A summary of the changes introduced in the September 2019 update to Power BI
Part five of a six-part series of blogs

This month sees the welcome (if belated) introduction of Excel-style custom number formats, as well as more (and easier-to-create) themes and a host of other minor improvements.

  1. New features in the September 2019 update of Power BI
  2. Custom number formats
  3. Themes are easier to create (and there are more of them)
  4. More things can be conditionally formatted
  5. Other new features in this update (this blog)
  6. Features waiting in preview as of September 2019

For a cumulative list of all of the updates to Power BI Desktop in the last few years see this blog, or have a look at the Power BI courses that we run.

Posted by Andy Brown on 20 September 2019

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Other new features in this update

There are a host of new features this month which aren't quite big enough to get their own blog page.

Seeing information about visuals

You can now right-click on a visual to see information about it:

About a visual

This tooltip appears when you right-click on a visual then hover over it.

 

Here's what you see for the visual above when you select About as above:

Stack bar visual

What you see for the bar chart visual. It's not that exciting!

The point behind this is that there is a feature waiting in preview which will allow you to right-click to unpin your least favourite default visuals from the palette, so you can just focus on what you use most.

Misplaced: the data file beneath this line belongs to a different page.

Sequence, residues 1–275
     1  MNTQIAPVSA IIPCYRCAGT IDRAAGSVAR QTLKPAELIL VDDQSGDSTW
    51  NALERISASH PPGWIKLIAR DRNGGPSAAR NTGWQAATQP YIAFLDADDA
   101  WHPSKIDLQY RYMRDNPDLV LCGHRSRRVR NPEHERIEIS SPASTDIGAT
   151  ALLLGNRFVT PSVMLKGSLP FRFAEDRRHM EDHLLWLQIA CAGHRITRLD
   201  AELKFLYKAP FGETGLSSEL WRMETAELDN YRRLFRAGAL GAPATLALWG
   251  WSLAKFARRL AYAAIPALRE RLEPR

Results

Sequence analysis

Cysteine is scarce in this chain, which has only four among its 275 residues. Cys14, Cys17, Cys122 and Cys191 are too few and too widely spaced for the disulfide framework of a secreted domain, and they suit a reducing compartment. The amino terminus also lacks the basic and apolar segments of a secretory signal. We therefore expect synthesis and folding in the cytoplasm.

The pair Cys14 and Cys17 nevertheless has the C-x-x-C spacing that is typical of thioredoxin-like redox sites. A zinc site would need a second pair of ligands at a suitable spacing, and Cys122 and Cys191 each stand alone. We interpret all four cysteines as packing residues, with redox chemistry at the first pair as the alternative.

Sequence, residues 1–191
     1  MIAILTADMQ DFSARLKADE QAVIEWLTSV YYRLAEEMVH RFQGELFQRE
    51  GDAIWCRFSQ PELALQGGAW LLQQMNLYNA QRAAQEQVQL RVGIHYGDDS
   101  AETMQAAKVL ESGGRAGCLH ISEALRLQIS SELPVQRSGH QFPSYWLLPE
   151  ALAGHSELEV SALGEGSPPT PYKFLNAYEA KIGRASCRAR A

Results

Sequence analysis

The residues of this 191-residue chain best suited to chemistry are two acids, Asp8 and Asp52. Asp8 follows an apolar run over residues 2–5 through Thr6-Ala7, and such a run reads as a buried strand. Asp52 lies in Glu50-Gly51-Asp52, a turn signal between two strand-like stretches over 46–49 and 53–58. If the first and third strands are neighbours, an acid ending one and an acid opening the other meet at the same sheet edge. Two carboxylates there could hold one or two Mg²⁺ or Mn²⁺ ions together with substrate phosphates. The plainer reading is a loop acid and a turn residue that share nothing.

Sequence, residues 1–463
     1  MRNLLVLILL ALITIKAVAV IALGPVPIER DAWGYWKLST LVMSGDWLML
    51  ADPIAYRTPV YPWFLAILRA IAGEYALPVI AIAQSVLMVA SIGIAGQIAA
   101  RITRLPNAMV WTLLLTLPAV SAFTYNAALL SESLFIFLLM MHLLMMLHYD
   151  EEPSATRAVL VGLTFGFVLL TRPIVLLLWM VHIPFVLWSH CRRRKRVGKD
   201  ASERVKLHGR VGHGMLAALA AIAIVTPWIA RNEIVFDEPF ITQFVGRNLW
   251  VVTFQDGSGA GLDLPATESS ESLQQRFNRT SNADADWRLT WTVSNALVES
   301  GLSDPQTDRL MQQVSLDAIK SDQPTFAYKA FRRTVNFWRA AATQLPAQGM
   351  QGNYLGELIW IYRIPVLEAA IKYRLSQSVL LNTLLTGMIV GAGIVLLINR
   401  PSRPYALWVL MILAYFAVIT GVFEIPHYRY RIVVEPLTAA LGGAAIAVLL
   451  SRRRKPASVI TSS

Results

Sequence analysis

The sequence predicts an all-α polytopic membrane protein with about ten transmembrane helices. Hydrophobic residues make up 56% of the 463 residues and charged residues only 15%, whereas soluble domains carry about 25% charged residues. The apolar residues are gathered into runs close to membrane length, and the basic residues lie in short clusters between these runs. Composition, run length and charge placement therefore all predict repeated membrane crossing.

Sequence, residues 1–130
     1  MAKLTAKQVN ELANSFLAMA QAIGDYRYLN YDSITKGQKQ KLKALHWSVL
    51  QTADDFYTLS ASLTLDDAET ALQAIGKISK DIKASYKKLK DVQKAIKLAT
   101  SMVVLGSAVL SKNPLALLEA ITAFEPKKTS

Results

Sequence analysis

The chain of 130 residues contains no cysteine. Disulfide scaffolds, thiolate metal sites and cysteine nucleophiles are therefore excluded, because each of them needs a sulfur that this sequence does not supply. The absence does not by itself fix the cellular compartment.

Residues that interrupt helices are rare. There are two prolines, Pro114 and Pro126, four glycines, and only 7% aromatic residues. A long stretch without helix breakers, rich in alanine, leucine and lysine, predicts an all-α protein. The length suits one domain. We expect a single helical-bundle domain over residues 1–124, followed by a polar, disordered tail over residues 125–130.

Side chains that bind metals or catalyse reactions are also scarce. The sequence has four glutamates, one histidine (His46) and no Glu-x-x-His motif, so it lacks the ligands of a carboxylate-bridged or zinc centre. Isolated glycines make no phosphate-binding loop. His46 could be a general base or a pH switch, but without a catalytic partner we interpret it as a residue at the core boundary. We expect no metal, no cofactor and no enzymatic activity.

Improving people's awareness of drill-through

One of the problems of drill-through was that people didn't realise that you could do it.  Microsoft were obviously aware of this, because they've added an instruction to the default tooltip for visuals:

Right-click to drill through

Here I've set up drill-through so users can right-click on a region to see a breakdown of its sales on a separate page. The tooltip automatically reminds people that this feature exists!

Two new DAX functions

The REMOVEFILTERS function is an alias that you can now use for the ALL function (although only within a CALCULATE function).  For example, in the following measure you could have used ALL instead of REMOVEFILTERS:

Percent of total = DIVIDE(

SUM(Purchase[Quantity]),

CALCULATE(

SUM(Purchase[Quantity]),

REMOVEFILTERS(Region[RegionName])

)

)

Slightly less pointlessly, you can use the CONVERT function to convert data from one type to another:

DAX Convert function

Converting a string date to DATETIME format.

As the example above shows, the people who add new DAX functions in Microsoft don't seem to have told the people who create the red squiggly error lines what they've done.

Copying data profiling data to the clipboard

A fairly new feature is that you can see information about the quality of data in Query Editor:

Viewing column profiles

For example, you can choose to see a profile of each column.

Starting from this month, you can now copy any part of this to the clipboard:

Copying profile data

Click on the ellipsis button at the top right of each part of the column profile to copy it.

Here's what you get if you copy the column distribution histogram above:

Copying data

You don't get the histogram - just the underlying data as a table, the start of which is shown here.

 

New template for Google Analytics

A third-party company have added a new four-page Power BI report allowing you to view your Google Analytics data (joining a range of existing available templates).  I've blogged separately about this here.

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